The "Businessmen's Revival" was a religious revival that unfolded in the wake of the 1857 market crash among white, middle-class Protestants. Delving into the religious history of Boston in the 1850s, John Corrigan gives an imaginative and wide-ranging interpretive study of the revival's significance. He uses it as a focal point for addressing a spectacular range of phenomena in American culture: the ecclesiastical and business history of Boston; gender roles and family life; the history of the theater and public spectacle; education; boyculture; and, especially, ideas about emotion during this period.
This vividly written narrative recovers the emotional experiences of individuals from a wide array of little-used sources including diaries, correspondence, public records, and other materials. From these sources, Corrigan discovers that for these Protestants, the expression of emotion was a matter of transactions. They saw emotion as a commodity, and conceptualized relations between people, and between individuals and God, as transactions of emotion governed by contract. Religion became a business relation with God, with prayer as its legal tender. Entering this relationship, they were conducting the "business of the heart." This innovative study shows that the revival--with its commodification of emotional experience--became an occasion for white Protestants to underscore differences between themselves and others. The display of emotion was a primary indicator of membership in the Protestant majority, as much as language, skin color, or dress style. As Corrigan unravels the significance of these culturally constructed standards for emotional life, his book makes an important contribution to recent efforts to explore the links between religion and emotion, and is an important new chapter in the history of religion.
Introduction: Religion, Emotion, and the Double Self
1. The Businessmen’s Revival
2. The Anxiety of Boston at Mid-Century
3. Overexcitement, Economic Collapse, and the Regulation of Business
4. Emotion, Collective Performance, and Value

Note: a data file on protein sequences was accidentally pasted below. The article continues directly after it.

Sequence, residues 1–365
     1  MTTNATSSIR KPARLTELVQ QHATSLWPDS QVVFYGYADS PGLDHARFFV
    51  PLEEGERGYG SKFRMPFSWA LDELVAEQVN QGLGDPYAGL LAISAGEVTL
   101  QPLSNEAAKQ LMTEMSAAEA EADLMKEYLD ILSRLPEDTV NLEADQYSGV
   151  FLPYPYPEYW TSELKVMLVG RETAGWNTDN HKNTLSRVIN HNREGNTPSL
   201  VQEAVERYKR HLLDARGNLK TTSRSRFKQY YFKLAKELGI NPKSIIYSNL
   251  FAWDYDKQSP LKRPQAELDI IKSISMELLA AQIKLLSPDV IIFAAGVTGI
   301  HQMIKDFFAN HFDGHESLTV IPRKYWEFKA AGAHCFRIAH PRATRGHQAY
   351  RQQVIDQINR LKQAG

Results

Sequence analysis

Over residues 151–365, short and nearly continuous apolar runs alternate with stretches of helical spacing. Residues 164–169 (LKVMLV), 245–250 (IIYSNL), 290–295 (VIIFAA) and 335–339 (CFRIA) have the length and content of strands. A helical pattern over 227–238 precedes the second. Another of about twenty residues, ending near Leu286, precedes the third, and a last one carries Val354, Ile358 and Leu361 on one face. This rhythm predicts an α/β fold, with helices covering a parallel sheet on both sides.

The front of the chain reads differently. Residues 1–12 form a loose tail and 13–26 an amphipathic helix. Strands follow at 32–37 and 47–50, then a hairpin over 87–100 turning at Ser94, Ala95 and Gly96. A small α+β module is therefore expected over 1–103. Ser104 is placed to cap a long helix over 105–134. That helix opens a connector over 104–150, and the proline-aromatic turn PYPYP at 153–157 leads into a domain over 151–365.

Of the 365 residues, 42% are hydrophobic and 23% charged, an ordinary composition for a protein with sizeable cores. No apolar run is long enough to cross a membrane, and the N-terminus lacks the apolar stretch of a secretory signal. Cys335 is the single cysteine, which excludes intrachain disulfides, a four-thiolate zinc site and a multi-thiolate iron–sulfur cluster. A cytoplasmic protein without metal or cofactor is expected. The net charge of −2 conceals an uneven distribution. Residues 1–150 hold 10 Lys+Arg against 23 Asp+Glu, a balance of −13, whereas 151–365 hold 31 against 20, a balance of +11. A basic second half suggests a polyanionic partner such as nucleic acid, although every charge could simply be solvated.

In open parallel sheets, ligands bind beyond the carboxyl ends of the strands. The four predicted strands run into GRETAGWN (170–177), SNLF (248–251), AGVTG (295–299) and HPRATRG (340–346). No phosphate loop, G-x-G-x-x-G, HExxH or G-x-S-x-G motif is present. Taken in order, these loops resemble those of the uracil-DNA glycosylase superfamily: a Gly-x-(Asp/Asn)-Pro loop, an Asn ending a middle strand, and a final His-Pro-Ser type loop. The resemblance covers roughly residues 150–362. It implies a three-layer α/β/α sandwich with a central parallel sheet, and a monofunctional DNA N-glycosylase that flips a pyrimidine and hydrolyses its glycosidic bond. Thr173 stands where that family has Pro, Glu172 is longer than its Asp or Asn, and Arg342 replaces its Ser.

5. Emotional Religion and the Ministerial "Balance-Wheel"
6. Men, Women, and Emotion
7. Domestic Contracts
8. Clerks, Apprentices, and Boyculture
9. Prayerful Transactions
10. Emotion, Character, and Ethnicity
Epilogue: The Meaning of the Revival and Its Legacy
Appendix 1. History, Religion, and Emotion: A Historiographical Survey
Appendix 2. Emotion as Heart, Blood, and Body
Appendix 3. Emotion and the Common Sense Philosophy
John Corrigan is the Edwin Scott Gaustad Professor of Religion and Professor of History at Florida State University. He has served as regular or visiting faculty at the University of Virginia, Harvard, Oxford, Arizona State University, University of London, University of Wittenberg-Halle, and University College (Dublin), and as a visiting scholar at the American Academy in Rome.
"Corrigan does much more than research and describe the religious revival of 1857-58. He gives us an imaginative and wide-ranging interpretative study of the revival's significance. He addresses an extraordinary range of phenomena-the turns of the business cycle in the 1850s, the social and ecclesiastical history of Boston, immigration and ethnic history, sex role differentiation, and the vexing problem of why males find it difficult to express their emotions. Altogether, I find this a fascinating, rewarding, and highly original new book."—Daniel Walker Howe, Rhodes Professor of History, Oxford University
"This is an important contribution to American religious and cultural history. Corrigan draws together interpretive angles from social, intellectual, and religious history, as well as from the emergent field of the history of the emotions, in which he is doing path-breaking work."—Peter W. Williams, Distinguished Professor of American Studies and Comparative Religion, Miami University
"John Corrigan's book is a terrific study of religion, emotion and society in the nineteenth century."—Joyce Appleby, Professor of History, University of California at Los Angeles
"What Kuhn did for the history of science, or Geertz for cultural anthropology, Corrigan does for American religious history. He has written a breakthrough book that defines a fresh approach and merits the widest possible audience. His adroit and artful book shows us how to think anew about things prosaic and matters divine by revealing their complex entanglements and mutual transformations. Modernity gains here a compelling and engaging interpreter."—Joel Martin, Rupert Costo Professor of History, University of California, Riverside